Expert Q&A: Lifestyle Modification to Lower Blood Pressure
Q: I'm a 47 year old male in generally good health but recently found out that my blood pressure is higher than it should be. I'm worried that I may be at risk for heart disease. What steps can I take to lower it naturally, so that I don't have to use medication?
A: You're right to be slightly concerned. Not only is elevated blood pressure (or hypertension) a major risk factor for heart disease, it also increases your chances of suffering from stroke, kidney disease, peripheral artery disease, and retinopathy (damage to an inside layer of your eye).
But while high blood pressure does put you at a higher risk for cardiac disease, there are many things that can be done to help treat it without medications.
Lifestyle modification can help immensely in lowering blood pressure and should be included in any hypertension treatment plan. For those with only mildly elevated blood pressure, it may even be all that is needed. Although it is possible that you may also require medication if your blood pressure is high enough, these lifestyle changes can often lower the dose of medications needed. In addition, they certainly make sense to improve your overall health. You should also have your healthcare provider rule out any other medical conditions or problems that may be causing your blood pressure to be high.
Once outside factors are ruled out, I recommend that you evaluate the following aspects of your lifestyle and modify them if necessary to help lower your blood pressure:
- Diet. Most people will benefit from reducing their sodium intake to a maximum of 2,400 milligrams of sodium a day. In addition to easing up on the salt shaker, you should check the sodium content of the food that you purchase (especially if it's processed) and eat at restaurants, if the information is available. Adopt a DASH (Dietary Approaches to Stop Hypertension) eating plan. A DASH diet is low in saturated and total fat and rich in fruits, vegetables, and low-fat dairy products. More information can be found here.
- Weight Reduction. Being overweight, especially if the extra weight is mostly around your waist, can increase blood pressure. Maintain a normal body weight for your height, expressed as body mass index (or BMI).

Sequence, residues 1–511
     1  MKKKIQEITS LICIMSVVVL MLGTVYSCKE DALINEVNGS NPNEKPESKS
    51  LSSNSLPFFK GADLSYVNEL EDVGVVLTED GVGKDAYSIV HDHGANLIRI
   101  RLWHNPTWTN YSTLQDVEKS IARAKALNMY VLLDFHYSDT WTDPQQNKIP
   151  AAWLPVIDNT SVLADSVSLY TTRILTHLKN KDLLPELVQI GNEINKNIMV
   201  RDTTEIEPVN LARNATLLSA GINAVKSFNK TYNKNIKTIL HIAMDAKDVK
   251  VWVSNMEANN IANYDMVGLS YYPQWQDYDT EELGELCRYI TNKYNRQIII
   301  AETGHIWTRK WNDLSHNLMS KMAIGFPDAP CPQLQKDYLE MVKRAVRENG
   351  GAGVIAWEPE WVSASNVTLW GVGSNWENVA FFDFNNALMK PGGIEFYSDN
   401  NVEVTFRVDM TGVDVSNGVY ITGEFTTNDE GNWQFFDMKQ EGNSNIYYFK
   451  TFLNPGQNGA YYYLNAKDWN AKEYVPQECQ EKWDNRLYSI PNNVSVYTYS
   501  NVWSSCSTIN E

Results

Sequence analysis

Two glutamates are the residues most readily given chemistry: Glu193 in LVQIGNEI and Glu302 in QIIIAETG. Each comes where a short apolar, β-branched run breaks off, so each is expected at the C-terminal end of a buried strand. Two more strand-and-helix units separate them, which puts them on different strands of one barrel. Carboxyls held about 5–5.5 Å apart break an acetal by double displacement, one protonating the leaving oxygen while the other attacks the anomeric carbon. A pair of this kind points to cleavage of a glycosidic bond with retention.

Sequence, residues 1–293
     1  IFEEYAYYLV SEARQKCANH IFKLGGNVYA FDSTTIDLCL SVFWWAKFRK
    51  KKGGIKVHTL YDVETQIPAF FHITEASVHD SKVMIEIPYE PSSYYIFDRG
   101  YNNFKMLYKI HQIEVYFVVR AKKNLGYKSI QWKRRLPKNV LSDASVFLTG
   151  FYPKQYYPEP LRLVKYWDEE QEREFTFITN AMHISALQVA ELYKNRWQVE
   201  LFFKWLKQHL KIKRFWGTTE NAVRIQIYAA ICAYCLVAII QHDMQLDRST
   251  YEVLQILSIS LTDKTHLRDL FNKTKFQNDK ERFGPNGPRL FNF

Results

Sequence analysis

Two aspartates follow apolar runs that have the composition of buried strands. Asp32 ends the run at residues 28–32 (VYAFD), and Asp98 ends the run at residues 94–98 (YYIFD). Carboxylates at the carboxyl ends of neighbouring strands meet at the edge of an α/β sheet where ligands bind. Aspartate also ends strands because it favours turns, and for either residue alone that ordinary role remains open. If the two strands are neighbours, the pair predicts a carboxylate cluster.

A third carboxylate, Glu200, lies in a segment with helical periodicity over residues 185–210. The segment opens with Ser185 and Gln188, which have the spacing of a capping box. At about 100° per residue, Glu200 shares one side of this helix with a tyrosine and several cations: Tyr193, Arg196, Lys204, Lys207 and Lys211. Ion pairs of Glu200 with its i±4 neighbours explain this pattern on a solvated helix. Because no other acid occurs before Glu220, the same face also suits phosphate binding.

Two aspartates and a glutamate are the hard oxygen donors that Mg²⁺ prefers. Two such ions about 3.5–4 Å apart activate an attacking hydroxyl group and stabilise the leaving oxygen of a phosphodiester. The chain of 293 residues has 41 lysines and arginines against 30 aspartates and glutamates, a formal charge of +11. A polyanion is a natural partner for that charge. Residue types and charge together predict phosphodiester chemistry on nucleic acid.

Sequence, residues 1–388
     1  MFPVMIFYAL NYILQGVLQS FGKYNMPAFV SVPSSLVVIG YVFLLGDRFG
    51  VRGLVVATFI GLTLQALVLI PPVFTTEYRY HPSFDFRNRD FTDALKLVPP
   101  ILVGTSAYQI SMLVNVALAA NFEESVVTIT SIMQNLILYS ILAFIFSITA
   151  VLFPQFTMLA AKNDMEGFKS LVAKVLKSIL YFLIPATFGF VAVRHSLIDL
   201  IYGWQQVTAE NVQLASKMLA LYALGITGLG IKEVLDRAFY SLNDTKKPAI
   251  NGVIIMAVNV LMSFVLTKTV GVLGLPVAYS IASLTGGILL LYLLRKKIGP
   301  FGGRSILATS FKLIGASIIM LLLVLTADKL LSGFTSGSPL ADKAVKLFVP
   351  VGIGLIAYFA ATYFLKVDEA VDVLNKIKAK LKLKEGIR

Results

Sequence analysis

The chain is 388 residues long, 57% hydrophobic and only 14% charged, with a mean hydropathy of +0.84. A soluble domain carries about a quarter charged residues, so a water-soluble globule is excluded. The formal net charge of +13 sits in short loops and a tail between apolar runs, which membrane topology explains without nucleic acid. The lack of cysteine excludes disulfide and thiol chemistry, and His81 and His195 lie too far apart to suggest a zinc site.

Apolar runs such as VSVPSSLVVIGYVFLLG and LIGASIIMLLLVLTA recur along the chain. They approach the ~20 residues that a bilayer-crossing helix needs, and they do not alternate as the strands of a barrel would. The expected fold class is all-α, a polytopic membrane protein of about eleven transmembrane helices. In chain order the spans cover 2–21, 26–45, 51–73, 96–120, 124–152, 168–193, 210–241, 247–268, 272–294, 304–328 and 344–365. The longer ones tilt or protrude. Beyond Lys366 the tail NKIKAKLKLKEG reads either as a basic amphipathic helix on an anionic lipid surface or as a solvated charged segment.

- Physical Activity. Engage in regular aerobic physical activity--such as brisk walking, cycling, or using an elliptical trainer or similar machine--for at least 30 minutes per session on most days of the week. Exercise helps you to lower blood pressure while also helping you to lose weight and improve your overall cardiovascular fitness.
- Alcohol Intake. Alcohol can raise blood pressure. Limit your consumption to no more than two drinks (e.g., 24-ounce beer, 10-ounce glass of wine, or 3-ounces of 80-proof whiskey) per day in men and no more than one drink per day in women.
Dr. Myerson graduated from Columbia University, Barnard College, received her medical degree from the State University of New York and completed her internal medicine residency from Duke University Medical Center. She subsequently completed a clinical fellowship in Cardiology from Columbia College of Physicians and Surgeons. Dr. Myerson also holds a doctorate in Applied Physiology from Columbia University and post-doctoral work in preventive cardiology and epidemiology and in basic lipid research. She is board-certified in both internal medicine and cardiovascular disease. She joined St. Luke's-Roosevelt in 2005, as the Director of the Cardiovascular Disease Prevention Program.
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